For versions v7-04-11 to v8-02-04, this restart file is named restart_gprod_aprod.YYYYMMDDhh.

For versions v8-03-01 and after, this restart file is named soaprod.YYYYMMDDhh

restart_gprod_aprod.YYYYMMDDhh files only have data about the SOA/G1 to SOA/G4 species. In soaprod.YYYYMMDDhh files there is additional data for SOA/G5.

The following explanation is valid for the SOA restart files of any version.

Havala Olson Taylor Pye wrote:

Before [the restart_gprod_aprod.YYYYMMDDhh files were introduced in v7-04-11], if you started a run from a restart file (even one from a run that was well initialized), the global SOA burden would drop dramatically in the first time step to about half of what the restart file said it should be. The GPROD/APROD values were not being stored. These values relate to how much gas or aerosol phase product belongs to each hydrocarbon/oxidant combination.
SOA is somewhat unique in that in the model, it can evaporate and exist in the same chemical form (SOG). I didn't notice a dip in the burden for SO4, NIT (gas phase form would be HNO3), or NH4 (gas phase form would be NH3).

Note that the restart_gprod_aprod.YYYYMMDDhh are strict in their usage. They cannot change name, and the dates in the filename, of the simulation, and in the data block headers inside the file, must all be the same.

See the following note about renaming and regridding restart_gprod_aprod.YYYYMMDDhh files.

Also see the following note about a common error message that can occur with the restart_gprod_aprod.YYYYMMDDhh files.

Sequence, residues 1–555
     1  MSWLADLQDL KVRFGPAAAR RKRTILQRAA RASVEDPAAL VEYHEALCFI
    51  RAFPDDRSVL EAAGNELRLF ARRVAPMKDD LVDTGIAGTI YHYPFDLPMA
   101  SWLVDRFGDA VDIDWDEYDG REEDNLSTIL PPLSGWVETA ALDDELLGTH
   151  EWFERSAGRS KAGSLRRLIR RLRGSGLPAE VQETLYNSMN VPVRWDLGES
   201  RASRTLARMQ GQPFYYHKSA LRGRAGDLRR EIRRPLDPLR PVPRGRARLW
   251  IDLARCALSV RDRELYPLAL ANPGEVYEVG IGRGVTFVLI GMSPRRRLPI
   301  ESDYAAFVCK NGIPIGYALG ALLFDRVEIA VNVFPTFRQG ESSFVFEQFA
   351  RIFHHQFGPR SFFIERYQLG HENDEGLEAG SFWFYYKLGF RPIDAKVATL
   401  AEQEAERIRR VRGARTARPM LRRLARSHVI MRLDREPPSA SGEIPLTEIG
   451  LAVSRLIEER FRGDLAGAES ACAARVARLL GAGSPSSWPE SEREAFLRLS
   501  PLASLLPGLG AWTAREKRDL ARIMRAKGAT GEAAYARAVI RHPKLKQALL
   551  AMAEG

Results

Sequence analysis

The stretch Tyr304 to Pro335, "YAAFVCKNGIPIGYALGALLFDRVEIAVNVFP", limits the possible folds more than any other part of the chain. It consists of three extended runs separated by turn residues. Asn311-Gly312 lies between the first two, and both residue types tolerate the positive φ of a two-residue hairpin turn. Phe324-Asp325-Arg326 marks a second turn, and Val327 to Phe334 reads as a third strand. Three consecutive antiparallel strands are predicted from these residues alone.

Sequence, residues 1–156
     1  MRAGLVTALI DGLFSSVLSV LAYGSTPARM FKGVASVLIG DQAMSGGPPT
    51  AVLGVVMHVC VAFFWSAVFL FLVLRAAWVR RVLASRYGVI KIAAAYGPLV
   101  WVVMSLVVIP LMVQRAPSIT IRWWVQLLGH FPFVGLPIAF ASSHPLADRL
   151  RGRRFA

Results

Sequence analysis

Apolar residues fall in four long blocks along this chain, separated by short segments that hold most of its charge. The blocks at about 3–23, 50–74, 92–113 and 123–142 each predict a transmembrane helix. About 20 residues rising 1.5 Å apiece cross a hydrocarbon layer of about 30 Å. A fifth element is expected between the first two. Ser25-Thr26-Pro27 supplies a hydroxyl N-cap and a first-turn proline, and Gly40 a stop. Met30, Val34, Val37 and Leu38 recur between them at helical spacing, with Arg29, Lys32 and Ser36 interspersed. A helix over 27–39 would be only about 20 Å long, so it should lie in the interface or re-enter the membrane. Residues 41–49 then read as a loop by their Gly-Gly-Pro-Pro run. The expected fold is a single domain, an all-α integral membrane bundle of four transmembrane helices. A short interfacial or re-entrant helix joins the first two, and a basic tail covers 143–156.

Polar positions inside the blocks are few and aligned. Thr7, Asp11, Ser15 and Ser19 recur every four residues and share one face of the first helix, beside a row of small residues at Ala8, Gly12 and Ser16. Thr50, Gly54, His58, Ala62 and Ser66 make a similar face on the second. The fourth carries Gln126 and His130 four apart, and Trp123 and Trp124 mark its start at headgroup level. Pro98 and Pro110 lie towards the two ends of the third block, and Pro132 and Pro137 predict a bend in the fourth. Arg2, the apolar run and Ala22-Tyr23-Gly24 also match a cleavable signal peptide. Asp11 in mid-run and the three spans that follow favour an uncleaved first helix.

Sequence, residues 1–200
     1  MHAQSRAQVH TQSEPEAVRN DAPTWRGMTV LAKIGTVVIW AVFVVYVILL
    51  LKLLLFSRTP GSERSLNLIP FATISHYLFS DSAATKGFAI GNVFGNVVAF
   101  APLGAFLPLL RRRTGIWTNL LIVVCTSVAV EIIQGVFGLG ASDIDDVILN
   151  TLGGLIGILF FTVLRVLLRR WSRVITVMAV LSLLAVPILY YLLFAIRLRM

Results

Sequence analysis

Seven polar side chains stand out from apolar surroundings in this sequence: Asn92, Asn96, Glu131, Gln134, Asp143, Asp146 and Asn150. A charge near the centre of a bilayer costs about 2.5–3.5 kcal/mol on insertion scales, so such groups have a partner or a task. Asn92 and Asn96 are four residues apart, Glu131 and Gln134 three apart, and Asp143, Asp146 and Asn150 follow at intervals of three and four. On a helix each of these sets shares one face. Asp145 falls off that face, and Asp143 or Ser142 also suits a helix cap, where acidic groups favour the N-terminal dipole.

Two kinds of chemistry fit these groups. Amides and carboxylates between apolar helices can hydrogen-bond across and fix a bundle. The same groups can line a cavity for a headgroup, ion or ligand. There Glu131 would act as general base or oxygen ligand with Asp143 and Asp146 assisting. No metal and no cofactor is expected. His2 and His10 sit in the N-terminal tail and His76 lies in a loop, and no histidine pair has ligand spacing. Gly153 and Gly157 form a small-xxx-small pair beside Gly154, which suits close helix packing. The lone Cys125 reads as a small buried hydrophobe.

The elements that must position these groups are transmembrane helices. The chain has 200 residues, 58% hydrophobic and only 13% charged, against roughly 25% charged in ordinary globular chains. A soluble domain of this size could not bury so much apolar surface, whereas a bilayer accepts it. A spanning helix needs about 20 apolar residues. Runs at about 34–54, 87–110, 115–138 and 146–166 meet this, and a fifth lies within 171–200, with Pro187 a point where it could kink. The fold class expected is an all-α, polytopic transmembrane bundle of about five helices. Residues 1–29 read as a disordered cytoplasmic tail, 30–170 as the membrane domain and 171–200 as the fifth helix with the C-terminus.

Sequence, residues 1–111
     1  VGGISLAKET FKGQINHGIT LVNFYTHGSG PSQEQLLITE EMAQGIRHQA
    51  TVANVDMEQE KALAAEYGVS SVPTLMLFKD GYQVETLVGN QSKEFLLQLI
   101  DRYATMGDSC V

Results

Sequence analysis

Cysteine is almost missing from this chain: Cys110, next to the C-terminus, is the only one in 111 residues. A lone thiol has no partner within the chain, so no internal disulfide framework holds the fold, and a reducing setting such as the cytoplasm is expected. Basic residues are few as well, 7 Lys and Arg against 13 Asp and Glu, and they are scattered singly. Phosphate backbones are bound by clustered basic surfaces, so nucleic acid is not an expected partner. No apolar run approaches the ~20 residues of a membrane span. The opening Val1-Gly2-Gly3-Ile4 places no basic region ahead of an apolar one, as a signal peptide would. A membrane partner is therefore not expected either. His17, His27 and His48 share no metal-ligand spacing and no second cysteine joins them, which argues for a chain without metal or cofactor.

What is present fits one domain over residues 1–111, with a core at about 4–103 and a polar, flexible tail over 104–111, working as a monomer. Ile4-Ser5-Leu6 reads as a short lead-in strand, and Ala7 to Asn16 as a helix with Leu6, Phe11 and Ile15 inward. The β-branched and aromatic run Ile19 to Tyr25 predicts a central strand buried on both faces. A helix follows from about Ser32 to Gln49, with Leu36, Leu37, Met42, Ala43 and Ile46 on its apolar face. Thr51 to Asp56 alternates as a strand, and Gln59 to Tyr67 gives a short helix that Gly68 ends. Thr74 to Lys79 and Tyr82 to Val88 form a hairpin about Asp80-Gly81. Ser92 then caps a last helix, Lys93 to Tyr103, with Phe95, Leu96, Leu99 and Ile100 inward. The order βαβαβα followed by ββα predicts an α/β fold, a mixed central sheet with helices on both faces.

--Bob Y. 16:07, 19 February 2010 (EST)

Note that the restart file is require because species of different volatilities are lumped together into the same tracer. Unless you know how much of each volatility species is in the tracer, the partitioning will be incorrect upon restart. restart_gprod_aprod keeps track of how much of each individual species is in the lumped SOA and SOG tracers. --havala 13:39, 24 February 2010 (EST)

The restart file name was changed from v8-03-01 to soaprod.YYYYMMDDhh.

Modification to SOA formulation

The following modification will be added to GEOS-Chem v8-03-01.

Colette Heald wrote:

SOA formation should not depend on the mass on inorganics. Specifically, in carbon_mod.f, MPOC in the code should only consist of organic aerosol.
We carry carbon mass only in the STT array and multiply by 2.1 to account for non-carbon mass in the SOA.
Partitioning theory (Pankow, 1994) describes organic phase partitioning assuming absorption into pre-existing organic mass. There is currently no theoretical or laboratory support for absorption of organics into inorganics.
Note that previous versions of the standard code (v7-04-07 through v8-02-04) did include absorption into inorganics. (Colette Heald, 12/3/09)

--Bob Y. 12:29, 17 March 2010 (EDT)

SOA formation from aromatics

The following modification will be added to GEOS-Chem v8-03-01:

... Text needs to be added here ...

Speciated biogenic emissions from MEGAN

The MEGAN v2.1 biogenic emissions inventory now contains speciated emissions for secondary organic aerosols. Havala Pye has modified carbon_mod.f to use these speciated emissions.

HC Class MEGAN v2.1 (New) MEGAN v2.0 (Old)
ALPH 84 92
LIMO 10 27
TERP 3.2 3.5
ALCO 47 38
SESQ 15 15
Total 159 176

--Bob Y. 15:45, 17 March 2010 (EDT)


  1. Chung, S. H., and J. H. Seinfeld, Global distribution and climate forcing of carbonaceous aerosols, J. Geophys. Res., 107(D19), 4407, doi:10.1029/2001JD001397, 2002.
  2. Liao, H., et al., Biogenic Secondary Organic Aerosol over the United States: Comparison of Climatological Simulations with Observations, J. Geophys. Res., 112, 2007. PDF
  3. Henze, D. K., and J. H. Seinfeld, Global secondary organic aerosol from isoprene oxidation,Geophys. Res. Lett., 33, L09812, 2006.
  4. Seinfeld, J. H., and J. F. Pankow, Organic atmospheric particulate material, Ann. Rev. Phys. Chem., 54, 121–140, 2003.
  5. Henze, D. K., et al., Global modeling of secondary organic aerosol formation from aromatic hydrocarbons: High- vs. low-yield pathways, Atmos. Chem. Phys., 8, 2405-2420, 2008.

--Bob Y. 16:07, 19 February 2010 (EST)

--havala 13:15, 24 February 2010 (EST)